The COVID-19 pandemic and the social distancing it has necessitated has created an unprecedented economic situation in America. Millions of people have been left without work, businesses have been shuttered, and the market has seen some major down days in recent weeks. 

In response to all that's going on, it's easy to give in to panic and make shortsighted decisions about your finances. You'll want to avoid this so a temporary economic downturn doesn't have long-term harm.

It can be tough to stay calm amid such turmoil, but these three steps can help you make levelheaded choices about how to handle your money. 

Older man grabbing piggy bank away from outstretched arms.

Image source: Getty Images.

1. Avoid checking your portfolio balance every day

The stock market has had some really bad days in recent weeks, as well as some good days. If you're constantly watching your portfolio, the emotional ups and downs can be too much to take. 

In fact, when you see stock prices tumbling, it's far too tempting to sell out of fear. But if you've invested in high-quality companies, what you end up doing is locking in temporary losses and putting yourself at risk of missing out on the recovery.

If you've invested for the long term, these daily gyrations shouldn't matter much to you, so avoid the temptation to obsessively watch your balance and react in real-time without careful consideration. 

Instead, sit back and wait out the volatility -- unless, of course, you want to invest more to take advantage of lower prices when stocks are on sale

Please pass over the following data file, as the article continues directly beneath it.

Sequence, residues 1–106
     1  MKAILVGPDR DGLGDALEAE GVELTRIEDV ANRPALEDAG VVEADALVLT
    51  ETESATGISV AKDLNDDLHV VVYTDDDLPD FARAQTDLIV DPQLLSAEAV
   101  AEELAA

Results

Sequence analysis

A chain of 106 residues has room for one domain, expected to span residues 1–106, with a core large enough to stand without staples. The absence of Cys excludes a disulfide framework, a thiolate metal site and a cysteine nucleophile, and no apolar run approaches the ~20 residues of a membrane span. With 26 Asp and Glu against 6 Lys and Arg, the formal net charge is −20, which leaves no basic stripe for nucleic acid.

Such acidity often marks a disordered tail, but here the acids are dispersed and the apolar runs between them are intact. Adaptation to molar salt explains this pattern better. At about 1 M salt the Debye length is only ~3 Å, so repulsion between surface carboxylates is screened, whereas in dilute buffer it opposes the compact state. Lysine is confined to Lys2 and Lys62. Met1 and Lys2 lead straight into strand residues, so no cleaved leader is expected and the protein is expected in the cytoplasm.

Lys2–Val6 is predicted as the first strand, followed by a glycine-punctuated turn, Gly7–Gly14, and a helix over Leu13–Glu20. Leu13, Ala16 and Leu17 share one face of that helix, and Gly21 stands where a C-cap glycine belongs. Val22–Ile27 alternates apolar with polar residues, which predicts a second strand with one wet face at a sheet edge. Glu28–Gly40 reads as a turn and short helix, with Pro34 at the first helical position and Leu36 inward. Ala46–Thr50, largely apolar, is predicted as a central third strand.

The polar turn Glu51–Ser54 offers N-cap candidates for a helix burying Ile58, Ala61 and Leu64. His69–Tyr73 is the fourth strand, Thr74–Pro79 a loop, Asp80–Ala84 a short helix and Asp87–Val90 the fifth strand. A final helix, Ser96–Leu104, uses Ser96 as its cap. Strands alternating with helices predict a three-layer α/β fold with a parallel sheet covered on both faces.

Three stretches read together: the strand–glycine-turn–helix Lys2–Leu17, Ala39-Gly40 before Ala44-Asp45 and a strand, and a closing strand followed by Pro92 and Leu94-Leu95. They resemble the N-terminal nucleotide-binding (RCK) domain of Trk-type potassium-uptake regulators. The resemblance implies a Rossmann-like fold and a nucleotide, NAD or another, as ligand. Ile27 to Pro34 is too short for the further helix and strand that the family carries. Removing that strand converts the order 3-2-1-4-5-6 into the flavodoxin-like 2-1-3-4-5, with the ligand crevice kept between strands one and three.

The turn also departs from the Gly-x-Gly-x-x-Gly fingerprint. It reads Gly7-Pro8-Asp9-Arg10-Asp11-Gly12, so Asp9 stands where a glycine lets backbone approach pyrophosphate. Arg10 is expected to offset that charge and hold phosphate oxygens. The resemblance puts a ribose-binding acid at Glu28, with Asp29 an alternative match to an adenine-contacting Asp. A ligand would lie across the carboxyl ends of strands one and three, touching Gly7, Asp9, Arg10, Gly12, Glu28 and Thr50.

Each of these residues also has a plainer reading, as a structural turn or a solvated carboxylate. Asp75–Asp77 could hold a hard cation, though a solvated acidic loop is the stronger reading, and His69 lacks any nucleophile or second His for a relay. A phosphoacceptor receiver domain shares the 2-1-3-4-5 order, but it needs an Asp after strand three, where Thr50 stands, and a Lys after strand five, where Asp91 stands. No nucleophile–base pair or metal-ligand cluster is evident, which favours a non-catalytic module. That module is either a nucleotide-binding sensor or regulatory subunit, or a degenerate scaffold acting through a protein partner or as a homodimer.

2. Consider historic trends in the stock market

If you're panicking about recent events in the market, remember this is only a small snapshot in time. 

The market has been through periods of high volatility in the past, and it's also seen some periods of major decline -- including, in most of our lifetimes, the bursting of the dot-com bubble and the financial crisis of 2008. 

Through all of it, history shows the market produces around a 7% reliable annual return. And there's no reason to think history won't continue repeating itself. 

So while you may not make 7% this year if the coronavirus causes an extended recession, if you learn the lessons from the past, you have good reason to believe the market will perform as expected over time.

3. Review your investment strategy to make sure you're still confident in it

While investing in the market should help you earn a reasonable return over time, that's only the case if you have a sound investment strategy and an appropriately diversified portfolio. If you have too many of your eggs in one basket and you chose a bad basket, you could end up seeing long-term losses that are hard to recover from. 

So while you don't want to panic sell, you should check your asset allocation and consider whether you're invested in the right things. If not, this is a problem to correct so you can be confident your investments will weather the coronavirus crisis and perform for you over time.

If you want to protect your finances, don't panic

It's natural to be afraid both about your health and your finances during these turbulent timesBut follow public health recommendations and keep your cool about your finances, and hopefully you can come out of this without the pandemic derailing your future.